The Complete Git & GitHub 2020 Course: Beginner to Advanced
4.7 (48 ratings)
Course Ratings are calculated from individual students’ ratings and a variety of other signals, like age of rating and reliability, to ensure that they reflect course quality fairly and accurately.
355 students enrolled

The Complete Git & GitHub 2020 Course: Beginner to Advanced

A Full 2020 Practical Guide to Git and GitHub, From Beginner to Expert in Easy Step-By-Step Tutorial
Bestseller
4.7 (48 ratings)
Course Ratings are calculated from individual students’ ratings and a variety of other signals, like age of rating and reliability, to ensure that they reflect course quality fairly and accurately.
355 students enrolled
Created by Fettah Ben
Last updated 6/2020
English
English [Auto]
Current price: $129.99 Original price: $199.99 Discount: 35% off
19 hours left at this price!
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This course includes
  • 7.5 hours on-demand video
  • 3 articles
  • 3 downloadable resources
  • Full lifetime access
  • Access on mobile and TV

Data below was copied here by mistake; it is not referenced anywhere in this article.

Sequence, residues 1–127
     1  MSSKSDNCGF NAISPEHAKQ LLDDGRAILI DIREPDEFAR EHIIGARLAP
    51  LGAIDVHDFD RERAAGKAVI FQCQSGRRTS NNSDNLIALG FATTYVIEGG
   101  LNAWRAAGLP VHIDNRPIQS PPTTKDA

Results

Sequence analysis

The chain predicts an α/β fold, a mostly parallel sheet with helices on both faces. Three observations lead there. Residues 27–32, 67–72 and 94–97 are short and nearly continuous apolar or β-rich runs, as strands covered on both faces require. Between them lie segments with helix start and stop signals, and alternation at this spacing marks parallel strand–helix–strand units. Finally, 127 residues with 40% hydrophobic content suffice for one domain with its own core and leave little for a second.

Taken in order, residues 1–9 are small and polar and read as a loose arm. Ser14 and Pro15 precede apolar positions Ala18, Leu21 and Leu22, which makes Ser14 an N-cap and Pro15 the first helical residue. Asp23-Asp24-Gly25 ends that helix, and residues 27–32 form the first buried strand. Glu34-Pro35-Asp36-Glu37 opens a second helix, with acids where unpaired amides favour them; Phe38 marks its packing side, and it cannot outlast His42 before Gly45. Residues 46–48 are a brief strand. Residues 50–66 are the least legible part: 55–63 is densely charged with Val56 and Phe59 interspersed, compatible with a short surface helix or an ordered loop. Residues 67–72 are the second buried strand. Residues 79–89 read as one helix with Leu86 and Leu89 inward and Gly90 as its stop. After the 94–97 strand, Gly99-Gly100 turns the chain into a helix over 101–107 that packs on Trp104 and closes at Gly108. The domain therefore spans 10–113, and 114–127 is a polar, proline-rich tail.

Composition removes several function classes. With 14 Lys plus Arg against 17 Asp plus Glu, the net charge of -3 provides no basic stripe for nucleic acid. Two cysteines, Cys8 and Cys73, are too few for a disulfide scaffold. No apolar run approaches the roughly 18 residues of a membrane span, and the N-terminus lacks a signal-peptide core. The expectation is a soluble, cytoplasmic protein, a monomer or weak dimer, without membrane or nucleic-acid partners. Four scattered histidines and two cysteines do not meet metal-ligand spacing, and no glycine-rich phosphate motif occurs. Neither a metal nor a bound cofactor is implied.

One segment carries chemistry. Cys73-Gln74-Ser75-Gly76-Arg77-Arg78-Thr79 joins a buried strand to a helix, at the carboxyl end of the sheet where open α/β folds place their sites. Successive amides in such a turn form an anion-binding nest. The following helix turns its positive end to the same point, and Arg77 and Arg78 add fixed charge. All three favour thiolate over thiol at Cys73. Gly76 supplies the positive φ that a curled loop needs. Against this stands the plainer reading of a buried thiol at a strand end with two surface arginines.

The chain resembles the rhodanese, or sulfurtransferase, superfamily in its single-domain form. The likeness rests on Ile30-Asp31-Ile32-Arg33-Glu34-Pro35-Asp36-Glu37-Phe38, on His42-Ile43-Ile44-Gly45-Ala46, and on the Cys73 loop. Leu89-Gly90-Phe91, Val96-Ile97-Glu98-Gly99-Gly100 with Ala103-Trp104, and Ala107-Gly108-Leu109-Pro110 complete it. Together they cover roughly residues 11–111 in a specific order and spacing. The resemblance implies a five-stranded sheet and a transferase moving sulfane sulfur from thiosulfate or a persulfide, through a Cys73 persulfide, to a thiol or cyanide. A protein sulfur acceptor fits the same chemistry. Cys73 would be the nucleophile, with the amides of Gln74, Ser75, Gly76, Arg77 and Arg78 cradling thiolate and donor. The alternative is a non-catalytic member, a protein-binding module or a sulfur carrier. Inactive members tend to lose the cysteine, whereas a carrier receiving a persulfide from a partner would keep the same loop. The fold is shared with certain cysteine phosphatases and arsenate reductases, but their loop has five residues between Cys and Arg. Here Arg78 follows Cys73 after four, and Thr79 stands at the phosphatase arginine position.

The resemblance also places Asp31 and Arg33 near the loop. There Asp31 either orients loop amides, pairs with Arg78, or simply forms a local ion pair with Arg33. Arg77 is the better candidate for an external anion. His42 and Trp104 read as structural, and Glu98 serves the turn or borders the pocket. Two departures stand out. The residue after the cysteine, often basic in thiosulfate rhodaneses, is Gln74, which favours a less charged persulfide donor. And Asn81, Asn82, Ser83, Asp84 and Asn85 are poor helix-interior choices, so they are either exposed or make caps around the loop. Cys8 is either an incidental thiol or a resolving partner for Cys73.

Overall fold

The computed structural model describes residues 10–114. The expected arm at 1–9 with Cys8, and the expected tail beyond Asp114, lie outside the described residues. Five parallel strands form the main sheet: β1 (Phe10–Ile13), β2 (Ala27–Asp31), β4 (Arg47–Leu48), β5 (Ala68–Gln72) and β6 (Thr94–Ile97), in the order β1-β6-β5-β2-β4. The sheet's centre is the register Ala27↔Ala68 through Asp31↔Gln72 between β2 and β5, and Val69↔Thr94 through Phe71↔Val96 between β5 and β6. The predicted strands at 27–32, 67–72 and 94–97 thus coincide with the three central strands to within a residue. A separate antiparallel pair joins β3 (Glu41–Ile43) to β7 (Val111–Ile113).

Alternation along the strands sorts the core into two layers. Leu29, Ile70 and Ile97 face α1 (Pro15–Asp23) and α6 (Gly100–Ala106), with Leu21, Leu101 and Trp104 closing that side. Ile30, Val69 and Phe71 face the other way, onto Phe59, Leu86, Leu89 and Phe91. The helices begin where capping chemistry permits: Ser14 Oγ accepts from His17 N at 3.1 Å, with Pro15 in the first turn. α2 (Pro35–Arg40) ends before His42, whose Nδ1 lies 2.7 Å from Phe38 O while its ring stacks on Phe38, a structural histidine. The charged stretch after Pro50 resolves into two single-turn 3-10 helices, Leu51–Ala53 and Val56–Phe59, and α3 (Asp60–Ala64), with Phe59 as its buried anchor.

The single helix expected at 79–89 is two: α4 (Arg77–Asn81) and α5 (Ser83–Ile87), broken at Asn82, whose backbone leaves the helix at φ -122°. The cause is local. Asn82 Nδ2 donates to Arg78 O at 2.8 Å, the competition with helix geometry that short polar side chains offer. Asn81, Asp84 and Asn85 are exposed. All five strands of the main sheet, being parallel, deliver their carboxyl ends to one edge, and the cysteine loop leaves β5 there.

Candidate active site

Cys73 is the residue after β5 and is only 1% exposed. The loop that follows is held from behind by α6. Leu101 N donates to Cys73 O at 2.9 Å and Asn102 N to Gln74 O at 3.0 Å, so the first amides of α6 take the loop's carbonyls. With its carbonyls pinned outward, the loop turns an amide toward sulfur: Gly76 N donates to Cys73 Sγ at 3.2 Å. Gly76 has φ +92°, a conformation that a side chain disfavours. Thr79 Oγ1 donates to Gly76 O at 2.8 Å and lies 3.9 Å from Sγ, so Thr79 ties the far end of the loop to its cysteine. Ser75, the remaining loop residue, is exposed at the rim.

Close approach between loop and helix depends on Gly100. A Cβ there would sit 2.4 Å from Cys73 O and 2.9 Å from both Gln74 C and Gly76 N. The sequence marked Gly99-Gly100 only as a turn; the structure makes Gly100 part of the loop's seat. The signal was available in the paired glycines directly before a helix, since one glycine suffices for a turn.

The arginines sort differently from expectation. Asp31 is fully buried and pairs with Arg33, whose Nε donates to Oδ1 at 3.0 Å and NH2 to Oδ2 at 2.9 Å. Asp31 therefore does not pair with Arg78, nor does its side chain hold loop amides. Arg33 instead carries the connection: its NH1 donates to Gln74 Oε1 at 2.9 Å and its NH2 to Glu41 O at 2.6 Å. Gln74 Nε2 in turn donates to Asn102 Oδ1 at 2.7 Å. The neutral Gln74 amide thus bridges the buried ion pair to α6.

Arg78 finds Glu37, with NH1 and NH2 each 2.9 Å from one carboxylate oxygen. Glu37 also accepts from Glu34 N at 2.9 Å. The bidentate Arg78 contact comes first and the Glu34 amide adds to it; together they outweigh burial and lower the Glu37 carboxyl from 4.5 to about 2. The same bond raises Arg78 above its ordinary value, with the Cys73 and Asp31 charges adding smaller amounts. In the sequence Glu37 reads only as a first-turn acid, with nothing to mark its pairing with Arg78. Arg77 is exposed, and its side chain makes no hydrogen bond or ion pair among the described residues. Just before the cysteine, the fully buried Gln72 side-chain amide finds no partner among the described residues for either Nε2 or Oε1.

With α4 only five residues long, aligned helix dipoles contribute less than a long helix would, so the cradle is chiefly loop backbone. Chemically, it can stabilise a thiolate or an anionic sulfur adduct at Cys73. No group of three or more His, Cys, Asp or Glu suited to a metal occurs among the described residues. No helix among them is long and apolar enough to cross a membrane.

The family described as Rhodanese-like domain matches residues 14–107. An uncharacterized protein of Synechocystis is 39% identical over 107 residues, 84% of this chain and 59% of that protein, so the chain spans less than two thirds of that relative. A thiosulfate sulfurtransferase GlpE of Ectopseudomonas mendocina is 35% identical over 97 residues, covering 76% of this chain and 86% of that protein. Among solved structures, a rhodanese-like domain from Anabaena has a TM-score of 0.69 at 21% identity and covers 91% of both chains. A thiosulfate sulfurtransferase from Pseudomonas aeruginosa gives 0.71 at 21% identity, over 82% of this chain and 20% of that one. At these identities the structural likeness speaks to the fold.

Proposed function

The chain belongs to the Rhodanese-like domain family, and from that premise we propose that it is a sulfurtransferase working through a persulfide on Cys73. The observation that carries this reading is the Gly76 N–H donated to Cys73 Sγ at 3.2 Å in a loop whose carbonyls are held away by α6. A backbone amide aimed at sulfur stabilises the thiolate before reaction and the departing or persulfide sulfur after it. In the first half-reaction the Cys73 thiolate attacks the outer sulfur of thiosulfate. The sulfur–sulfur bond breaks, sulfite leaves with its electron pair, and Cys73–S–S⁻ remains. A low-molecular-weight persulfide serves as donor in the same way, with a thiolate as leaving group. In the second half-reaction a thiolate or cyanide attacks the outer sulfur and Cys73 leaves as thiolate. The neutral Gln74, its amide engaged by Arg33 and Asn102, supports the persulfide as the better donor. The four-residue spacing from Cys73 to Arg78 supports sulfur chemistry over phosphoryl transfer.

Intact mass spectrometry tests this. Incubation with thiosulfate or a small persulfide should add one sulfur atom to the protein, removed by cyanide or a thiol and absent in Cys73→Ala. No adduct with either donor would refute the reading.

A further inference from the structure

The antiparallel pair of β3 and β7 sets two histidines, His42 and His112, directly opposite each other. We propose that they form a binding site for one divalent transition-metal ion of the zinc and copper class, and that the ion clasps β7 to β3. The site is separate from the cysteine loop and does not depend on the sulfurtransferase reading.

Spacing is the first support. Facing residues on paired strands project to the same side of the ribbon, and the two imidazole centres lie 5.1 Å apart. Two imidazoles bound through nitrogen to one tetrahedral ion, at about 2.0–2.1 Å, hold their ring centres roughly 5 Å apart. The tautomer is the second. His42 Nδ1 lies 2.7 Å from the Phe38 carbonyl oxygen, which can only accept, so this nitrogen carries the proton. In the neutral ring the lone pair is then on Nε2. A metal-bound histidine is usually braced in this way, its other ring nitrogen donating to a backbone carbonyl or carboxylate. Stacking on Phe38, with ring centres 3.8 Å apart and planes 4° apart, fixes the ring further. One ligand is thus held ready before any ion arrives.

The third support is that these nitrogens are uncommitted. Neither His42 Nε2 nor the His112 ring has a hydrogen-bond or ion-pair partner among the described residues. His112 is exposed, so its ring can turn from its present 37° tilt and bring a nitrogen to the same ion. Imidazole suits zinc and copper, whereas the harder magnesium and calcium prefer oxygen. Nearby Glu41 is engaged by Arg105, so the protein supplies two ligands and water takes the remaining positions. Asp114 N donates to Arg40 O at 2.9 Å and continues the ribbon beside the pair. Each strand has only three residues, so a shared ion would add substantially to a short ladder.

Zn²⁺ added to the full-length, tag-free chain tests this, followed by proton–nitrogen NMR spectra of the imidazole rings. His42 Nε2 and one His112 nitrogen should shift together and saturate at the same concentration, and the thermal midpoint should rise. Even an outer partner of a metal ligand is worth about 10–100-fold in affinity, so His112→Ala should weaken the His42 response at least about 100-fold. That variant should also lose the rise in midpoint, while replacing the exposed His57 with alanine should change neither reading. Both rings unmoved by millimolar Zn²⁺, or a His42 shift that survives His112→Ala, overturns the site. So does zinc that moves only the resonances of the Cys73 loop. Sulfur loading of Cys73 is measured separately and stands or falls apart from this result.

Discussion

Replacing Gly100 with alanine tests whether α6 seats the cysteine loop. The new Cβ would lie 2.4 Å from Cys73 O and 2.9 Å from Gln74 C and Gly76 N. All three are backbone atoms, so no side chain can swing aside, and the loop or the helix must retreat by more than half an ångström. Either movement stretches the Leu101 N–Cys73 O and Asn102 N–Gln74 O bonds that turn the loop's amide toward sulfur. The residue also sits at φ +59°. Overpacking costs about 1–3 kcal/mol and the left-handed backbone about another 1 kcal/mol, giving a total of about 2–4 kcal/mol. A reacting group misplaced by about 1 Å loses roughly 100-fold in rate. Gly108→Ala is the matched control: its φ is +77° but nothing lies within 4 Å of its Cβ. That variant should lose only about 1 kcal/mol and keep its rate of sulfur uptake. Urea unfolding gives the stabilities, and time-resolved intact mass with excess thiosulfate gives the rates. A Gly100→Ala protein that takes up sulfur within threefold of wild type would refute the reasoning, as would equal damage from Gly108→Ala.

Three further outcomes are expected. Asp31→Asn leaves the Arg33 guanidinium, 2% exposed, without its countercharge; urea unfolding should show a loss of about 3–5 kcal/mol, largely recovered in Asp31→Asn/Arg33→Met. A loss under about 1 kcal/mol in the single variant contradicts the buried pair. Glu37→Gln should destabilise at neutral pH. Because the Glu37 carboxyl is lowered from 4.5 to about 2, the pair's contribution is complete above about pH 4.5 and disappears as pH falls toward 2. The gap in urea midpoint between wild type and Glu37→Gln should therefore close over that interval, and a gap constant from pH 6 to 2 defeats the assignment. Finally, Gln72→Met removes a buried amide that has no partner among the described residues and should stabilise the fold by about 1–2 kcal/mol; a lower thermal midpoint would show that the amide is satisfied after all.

• Certificate of Completion
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What you'll learn
  • Git server administration including setup, user management, and access control for both SSH and HTTP access.
  • Use Git and GitHub efficiently to create and manage your personal and professional projects
  • Create and Manage repositories, pull requests, branching and merging, forking, labels, and much more.
  • Engage the team, work with others, and walk through real-world scenarios.
  • Master the everyday basics of Git with a hands-on, step-by-step project
  • Dive deep in GitHub's main features, including pull requests, issues, Webhooks, wikis, Project setting and much more
Requirements
  • Basic computer skills
  • Basic Command Line skills
  • All Needed Software Are Available For Free
Description

Learn the fundamentals of Version Control through this step-by-step tutorial that will teach you the ins-and-outs of Git. This course is your complete guide to how Git and GitHub work in a professional team environment.

Git is a free and open source Distributed Version Control System (DVCS) designed to handle everything from small to very large projects with speed and efficiency.

Throughout this course, you'll learn about Git's core functionality so you can understand how and why it’s used in organizations. We’ll look into both basic and more advanced features, like branches, pull request, tagging and merging. We'll demonstrate how having a working knowledge of a VCS like Git can be a lifesaver in emergency situations or when debugging. And then we'll explore how to use a VCS to work with others through remote repositories, like the ones provided by GitHub.